What are the financial benefits of cycling?
Sharing Road Space (Granville et al., 2001)
- As a result of low maintenance costs and nil fuel requirements, more people can afford to cycle than to use any other transport method. Thus, cycling is seen to be a very cost efficient mode of transport for journeys of five miles or less.
- An average midsize car driven 10,000 miles in a year costs its driver about $.76 per mile, or $7,574 for the year. The estimate includes gasoline, oil, maintenance, tires, insurance, license, registration, taxes, depreciation, and finance charges.
- …“externalities,” they boost the true cost of driving a car to about $1.20 per mile, according to one estimate.
- Gary Barnes at the University of Minnesota tallied the economic benefits of cycling to his state. In a state of about 5 million people, his conservative estimate found that Minnesota’s modest rate of bicycling – about 1.5% of adult trips and 5% of trips by children – led to fiscal benefits in excess of $300 million per year.
- Todd Litman and the Victoria Transport Policy Institute (VTPI) in British Columbia calculate that for every mile of travel shifted from automobile to bicycle, society saves an average of 24 cents. Using VTPI’s methodology, we find that if 5% of car trips in the greater Seattle area were shifted to bicycle, the public would save an average of $970,000 per day in automobile-related costs,
(Canadian Association of Physicians for the Environment, 2012)
- The New Zealand Transport Agency estimated in 2008 a savings of $4.27 per km walked and $2.14 per km cycled (NZ $) taking into account morbidity, mortality, and health-sector costs.
(McKeown, 2007) – Air Pollution Burden of Illness from Traffic
- Implementation of comprehensive, integrated policies and programs could reduce total vehicle travel by 30 to 50%.
- A 30% reduction in motor vehicle emissions in Toronto could save nearly 200 lives and result in 900 million dollars in health benefits annually.
(Sælensminde, 2004) - Cost-benefit analyses of walking and cycling
- The benefits of investments in cycle networks are estimated to be at least 4–5 times the costs. Such investments are thus more beneficial to society than other transport investments.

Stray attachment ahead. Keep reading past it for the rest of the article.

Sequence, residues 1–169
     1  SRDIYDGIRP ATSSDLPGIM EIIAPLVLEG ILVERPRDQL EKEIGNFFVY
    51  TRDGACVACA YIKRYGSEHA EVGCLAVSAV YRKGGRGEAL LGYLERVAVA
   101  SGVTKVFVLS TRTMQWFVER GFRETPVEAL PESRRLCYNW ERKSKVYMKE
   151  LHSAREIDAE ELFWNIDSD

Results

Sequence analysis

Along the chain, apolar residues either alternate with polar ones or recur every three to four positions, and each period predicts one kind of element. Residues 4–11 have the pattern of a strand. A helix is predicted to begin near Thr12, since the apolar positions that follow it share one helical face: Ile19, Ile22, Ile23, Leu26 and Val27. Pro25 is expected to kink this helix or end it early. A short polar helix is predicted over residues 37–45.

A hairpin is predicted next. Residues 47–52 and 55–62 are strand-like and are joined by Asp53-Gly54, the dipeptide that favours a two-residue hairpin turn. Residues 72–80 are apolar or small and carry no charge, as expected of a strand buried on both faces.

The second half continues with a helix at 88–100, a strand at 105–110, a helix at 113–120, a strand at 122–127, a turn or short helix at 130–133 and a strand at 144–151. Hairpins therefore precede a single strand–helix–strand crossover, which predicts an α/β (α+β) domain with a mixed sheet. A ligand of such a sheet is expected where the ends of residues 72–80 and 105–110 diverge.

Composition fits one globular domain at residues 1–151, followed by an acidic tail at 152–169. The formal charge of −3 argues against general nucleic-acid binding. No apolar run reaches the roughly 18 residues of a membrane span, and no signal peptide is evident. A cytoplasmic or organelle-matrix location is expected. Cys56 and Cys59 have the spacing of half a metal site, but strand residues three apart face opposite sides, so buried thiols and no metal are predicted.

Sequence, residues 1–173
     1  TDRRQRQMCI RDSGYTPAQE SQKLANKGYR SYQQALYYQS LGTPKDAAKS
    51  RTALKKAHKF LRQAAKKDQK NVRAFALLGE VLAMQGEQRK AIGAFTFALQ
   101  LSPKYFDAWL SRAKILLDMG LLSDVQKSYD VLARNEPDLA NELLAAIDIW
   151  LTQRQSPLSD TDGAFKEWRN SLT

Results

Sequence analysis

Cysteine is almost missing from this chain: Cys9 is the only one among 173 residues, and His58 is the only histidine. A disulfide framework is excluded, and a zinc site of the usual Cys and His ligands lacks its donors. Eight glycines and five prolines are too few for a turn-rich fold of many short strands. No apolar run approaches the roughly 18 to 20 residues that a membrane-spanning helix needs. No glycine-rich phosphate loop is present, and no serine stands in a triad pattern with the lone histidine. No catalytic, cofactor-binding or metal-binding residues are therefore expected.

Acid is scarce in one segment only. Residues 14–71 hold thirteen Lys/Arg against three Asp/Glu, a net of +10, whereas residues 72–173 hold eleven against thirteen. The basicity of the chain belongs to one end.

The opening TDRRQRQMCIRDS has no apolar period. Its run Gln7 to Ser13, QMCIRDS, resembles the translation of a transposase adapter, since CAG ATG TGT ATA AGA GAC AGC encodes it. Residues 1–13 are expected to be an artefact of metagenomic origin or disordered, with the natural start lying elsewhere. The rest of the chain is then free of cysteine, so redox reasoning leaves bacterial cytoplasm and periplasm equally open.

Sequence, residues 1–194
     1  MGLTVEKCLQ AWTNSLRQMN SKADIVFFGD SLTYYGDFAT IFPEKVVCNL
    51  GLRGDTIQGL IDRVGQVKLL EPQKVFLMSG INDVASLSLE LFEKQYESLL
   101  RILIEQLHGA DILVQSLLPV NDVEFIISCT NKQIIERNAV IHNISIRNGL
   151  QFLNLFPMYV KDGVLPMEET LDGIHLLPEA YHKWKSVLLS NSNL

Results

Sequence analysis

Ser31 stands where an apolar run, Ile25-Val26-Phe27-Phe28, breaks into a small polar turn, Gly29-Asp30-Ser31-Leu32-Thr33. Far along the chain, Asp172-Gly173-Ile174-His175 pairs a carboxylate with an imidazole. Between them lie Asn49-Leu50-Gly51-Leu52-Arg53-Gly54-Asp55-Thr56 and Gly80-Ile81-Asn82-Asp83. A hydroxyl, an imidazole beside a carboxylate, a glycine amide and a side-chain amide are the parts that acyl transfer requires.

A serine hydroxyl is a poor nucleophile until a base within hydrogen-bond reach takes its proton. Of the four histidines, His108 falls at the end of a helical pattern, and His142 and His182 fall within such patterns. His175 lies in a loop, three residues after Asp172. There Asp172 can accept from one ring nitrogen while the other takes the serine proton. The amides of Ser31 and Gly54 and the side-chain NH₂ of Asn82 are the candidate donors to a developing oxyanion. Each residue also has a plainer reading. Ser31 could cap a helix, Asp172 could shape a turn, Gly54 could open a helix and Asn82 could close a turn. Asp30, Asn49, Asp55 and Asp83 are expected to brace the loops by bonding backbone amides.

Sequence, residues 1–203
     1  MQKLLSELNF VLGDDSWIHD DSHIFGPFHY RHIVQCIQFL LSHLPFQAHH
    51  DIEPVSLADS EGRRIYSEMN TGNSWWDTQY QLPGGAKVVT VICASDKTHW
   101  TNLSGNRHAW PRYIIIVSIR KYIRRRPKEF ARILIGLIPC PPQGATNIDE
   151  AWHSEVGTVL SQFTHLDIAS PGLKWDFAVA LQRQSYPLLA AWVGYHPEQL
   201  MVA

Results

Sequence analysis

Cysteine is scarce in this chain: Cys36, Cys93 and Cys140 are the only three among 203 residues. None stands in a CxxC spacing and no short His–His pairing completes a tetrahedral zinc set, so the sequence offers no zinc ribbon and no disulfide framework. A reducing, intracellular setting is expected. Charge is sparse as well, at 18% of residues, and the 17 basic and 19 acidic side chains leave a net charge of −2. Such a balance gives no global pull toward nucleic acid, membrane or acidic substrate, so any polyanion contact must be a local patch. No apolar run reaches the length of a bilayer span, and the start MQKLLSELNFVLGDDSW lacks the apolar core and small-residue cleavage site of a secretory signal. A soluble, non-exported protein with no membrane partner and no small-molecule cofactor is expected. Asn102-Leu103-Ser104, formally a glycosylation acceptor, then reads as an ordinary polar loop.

(Smith Lea, 2009) - Bike Lanes
- I-CE, a Dutch bicycle planning expertise centre […] calculated that the benefits of building bicycle lanes are 7.3 times higher than the costs
- A recent Canadian study demonstrated that […] if everyone rode as much as they do in Victoria, B.C., which currently has the highest levels of active transportation in Canada, the benefits in terms of congestion reduction, roadway costs, pollution, safety, etc. would increase to $7.0 billion per year (Go for Green, 2004). This study also found that proximity to recreational trails increase property values.
(Toronto Public Health, 2012) - Road to Health: Improving Walking and Cycling in Toronto
- Based on very conservative calculations, 2006 levels of walking and cycling in Toronto are estimated to prevent about 120 deaths each year. Total savings from these prevented deaths range from $130 million to $478 million depending on how deaths are valued.
- Achieving walking and cycling commuting mode shares of 12% and 6%, respectively, would prevent about 100 additional deaths each year, yielding additional annual benefits of $100 million to $400 million
- A US study found that inactive individuals incur over $600 in additional health care costs per year as compared to active individuals.
- A Canadian study calculated that physical inactivity alone is directly associated with $1.6 billion in annual health care costs in Canada, or 1.5% of all Canadian health care costs. Each additional 10% increase in physical activity in Canada would translate to annual direct health care savings of up to $150 million.